Targeting the Epidermal Growth Factor Family in Breast Cancer

An additional approach that has been evaluated pre-clinically that is now moving into clinical testing is inhibition of the HER pathway in ER+ disease. As mentioned above, most breast cancers are dependent on estrogen (hormones) for their growth. In the cases where hormones and/or their receptors are important, other proteins (peptide growth factors) seem less important. Conversely, where peptide growth factors/receptors are important (like HER2 amplification) estrogen and estrogen-like steroid hormones seem less important. There is now reason to believe that some of the evolution of breast cancers in individual patients to resistant mechanisms for estrogen directed therapies is dependent on the peptide growth factors/receptors (rather than steroid hormones like estrogen). Work done in the UCLA laboratory and as well as work done by UCLA analyzing previous clinical trials has identified a sub-group of ER+ cancers that may respond to blockade of the epidermal growth factor receptor (EGFR) family of proteins. With funding from NFF, UCLA is now testing this hypothesis in a clinical trial for women with ER+ breast cancer that are randomized to letrozole alone or letrozole with a potent inhibitor of the EGFR family called afatinib. In this study, UCLA scientists are not evaluating all patients with ER+ disease. Instead they are testing a subset of ER+ patients that they believe are not initially dependent on hormones despite the fact that they do have hormone receptors (albeit low levels) in their tumors. This group constitutes women whose breast cancers may have inherent (de novo) resistance to hormonal therapy in their cancers at the time of initial diagnosis rather than acquired resistance.

The Use of New/Novel Models of ER+ Breast Cancers for in vivo testing of Innovative Therapeutic Approaches to this Disease Subtype

In collaboration with Dr. Alana Welm of the University of Utah’s Huntsman Cancer Center, UCLA is testing a new and exciting series of models of ER+ human breast cancers. To date, most in vivo models that have been used for pre-clinical testing have involved cell line xenografts. Although valuable information has been obtained using these models in the past, there are challenges they present. The most notable is that the cell lines from which they are derived are frequently years or even decades from the original cancer in the patient. As a result, these cell lines have been carried in tissue culture for prolonged periods of time and genetic alterations can and do occur while in culture. Many of these alterations may have no relationship to the original tumors from which the cell lines were derived. Dr. Welm has overcome this shortcoming by developing techniques to transplant actual human breast cancers directly out of the patients in which they have occurred into experimental mice. In doing this, she has introduced new models that are much closer to the patient’s original cancer (biologically and genetically) than we have ever had before. Through the collaboration supported by the Noreen Fraser Foundation, researchers at UCLA have been able to obtain these models for ER+ breast cancer for the purpose of testing new therapeutic approaches to this disease subtype. In addition, given their proximity to the original cancer, the models represent a renewable source of material for molecular genetic/pathway studies that should help UCLA researchers determine what pathways may be critical in the development of resistance to hormonal (or other) blockade in ER+ breast cancers.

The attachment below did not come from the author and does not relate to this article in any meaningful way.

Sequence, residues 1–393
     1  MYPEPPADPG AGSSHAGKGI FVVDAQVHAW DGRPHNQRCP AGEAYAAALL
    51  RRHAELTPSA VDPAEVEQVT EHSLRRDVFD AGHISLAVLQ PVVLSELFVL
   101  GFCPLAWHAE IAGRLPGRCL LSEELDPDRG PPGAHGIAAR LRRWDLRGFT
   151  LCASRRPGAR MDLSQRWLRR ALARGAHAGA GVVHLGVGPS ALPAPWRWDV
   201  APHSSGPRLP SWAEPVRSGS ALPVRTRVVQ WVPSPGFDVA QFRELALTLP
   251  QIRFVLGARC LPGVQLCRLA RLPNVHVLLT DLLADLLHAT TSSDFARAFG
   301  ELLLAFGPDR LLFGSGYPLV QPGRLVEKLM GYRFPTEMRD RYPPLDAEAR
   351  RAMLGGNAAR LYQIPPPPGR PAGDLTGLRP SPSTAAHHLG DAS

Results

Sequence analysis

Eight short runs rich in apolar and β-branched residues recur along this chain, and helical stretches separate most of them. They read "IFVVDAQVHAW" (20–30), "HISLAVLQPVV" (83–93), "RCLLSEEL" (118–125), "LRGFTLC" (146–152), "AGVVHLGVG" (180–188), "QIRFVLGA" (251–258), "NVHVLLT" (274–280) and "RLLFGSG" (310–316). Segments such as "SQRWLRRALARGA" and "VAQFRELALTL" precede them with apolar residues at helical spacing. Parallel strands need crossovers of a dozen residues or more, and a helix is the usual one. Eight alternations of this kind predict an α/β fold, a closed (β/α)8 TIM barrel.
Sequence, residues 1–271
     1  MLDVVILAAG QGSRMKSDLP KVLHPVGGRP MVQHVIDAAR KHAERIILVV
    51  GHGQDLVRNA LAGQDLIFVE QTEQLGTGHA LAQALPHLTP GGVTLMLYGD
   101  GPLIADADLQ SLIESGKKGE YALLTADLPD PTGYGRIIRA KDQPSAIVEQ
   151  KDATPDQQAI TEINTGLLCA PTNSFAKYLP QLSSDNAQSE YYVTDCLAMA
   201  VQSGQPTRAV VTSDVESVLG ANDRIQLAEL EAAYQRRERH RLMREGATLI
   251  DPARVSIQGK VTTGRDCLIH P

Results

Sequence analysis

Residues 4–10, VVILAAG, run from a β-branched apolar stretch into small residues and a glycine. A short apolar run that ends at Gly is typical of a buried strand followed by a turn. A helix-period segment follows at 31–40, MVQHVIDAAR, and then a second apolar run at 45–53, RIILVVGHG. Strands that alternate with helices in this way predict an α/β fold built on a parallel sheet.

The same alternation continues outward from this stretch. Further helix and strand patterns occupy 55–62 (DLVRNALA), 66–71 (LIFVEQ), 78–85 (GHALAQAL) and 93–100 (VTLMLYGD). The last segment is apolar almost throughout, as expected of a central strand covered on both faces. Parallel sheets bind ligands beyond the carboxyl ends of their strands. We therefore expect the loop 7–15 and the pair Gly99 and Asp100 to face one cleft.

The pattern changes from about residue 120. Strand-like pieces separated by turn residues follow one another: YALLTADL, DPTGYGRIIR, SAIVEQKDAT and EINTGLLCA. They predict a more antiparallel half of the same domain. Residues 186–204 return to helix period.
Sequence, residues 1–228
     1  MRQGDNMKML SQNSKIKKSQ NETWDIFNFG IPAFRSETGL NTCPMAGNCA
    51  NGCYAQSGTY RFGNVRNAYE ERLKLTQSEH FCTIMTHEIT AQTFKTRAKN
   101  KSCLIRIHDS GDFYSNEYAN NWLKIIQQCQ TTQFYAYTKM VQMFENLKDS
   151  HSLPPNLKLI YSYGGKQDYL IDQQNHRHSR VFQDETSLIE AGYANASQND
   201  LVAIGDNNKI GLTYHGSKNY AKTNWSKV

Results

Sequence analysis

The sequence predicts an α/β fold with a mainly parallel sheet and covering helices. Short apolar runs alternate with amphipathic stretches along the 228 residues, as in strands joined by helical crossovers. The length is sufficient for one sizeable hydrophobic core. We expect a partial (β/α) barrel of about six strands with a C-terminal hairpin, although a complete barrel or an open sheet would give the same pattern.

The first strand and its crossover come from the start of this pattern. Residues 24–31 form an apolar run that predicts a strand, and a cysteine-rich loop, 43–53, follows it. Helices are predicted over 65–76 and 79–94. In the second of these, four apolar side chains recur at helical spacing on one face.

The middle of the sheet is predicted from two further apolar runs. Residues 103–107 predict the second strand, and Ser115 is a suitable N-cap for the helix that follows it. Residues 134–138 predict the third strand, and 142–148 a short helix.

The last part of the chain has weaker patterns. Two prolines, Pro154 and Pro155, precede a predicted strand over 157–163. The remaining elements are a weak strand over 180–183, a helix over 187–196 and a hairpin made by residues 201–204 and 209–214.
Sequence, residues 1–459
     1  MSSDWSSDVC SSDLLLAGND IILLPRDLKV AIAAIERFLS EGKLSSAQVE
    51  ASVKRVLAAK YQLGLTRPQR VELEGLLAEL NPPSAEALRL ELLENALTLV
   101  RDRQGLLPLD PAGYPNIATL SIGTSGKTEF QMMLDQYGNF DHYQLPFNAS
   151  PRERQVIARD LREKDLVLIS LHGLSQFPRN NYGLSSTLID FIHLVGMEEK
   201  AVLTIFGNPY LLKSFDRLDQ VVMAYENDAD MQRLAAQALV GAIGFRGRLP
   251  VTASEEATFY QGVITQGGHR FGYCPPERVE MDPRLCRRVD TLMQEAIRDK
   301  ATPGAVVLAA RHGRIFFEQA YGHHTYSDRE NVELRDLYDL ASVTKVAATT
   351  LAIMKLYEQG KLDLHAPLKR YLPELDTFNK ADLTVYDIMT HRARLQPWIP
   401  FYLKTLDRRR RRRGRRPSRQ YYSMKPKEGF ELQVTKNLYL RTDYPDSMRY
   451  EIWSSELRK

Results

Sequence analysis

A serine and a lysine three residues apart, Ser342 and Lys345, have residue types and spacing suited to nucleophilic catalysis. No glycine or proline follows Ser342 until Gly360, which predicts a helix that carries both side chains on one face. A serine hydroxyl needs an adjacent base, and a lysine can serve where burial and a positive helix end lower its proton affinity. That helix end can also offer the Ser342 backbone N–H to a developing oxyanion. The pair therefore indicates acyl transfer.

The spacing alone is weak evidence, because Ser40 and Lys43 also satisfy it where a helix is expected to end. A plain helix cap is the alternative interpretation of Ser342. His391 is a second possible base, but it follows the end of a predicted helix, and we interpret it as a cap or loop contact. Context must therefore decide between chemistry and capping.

Ovarian Cancer Research:

Identification of Ovarian Cancer Subtypes and Therapeutic Implications

Epithelial malignancies of the ovary constitute the number one killer of women with gynecologic malignancies in the U.S. today. In more than 75% of the newly identified cases, the disease has already reached an advanced state (stage III or IV) at the time of initial diagnosis. Once diagnosed, the best available treatments involve aggressive surgical procedures followed by punishing chemotherapeutic regimens. Despite these efforts, more than 85% of patients have succumbed to their disease within seven years following initial diagnosis. This is a disease in desperate need of new, innovative and more effective therapeutic strategies.

Like breast cancer, all ovarian cancers are not alike. This explains why the outcomes for standard, one-size-fits-all chemotherapy regimens vary so widely. In fact, ovarian cancers can be divided into clearly identifiable genetic sub-types, each of which requires a distinct treatment strategy. Ultimately, the ability to treat all ovarian cancer sub-types successfully depends entirely on how precisely each sub-type can be characterized and distinguished molecularly.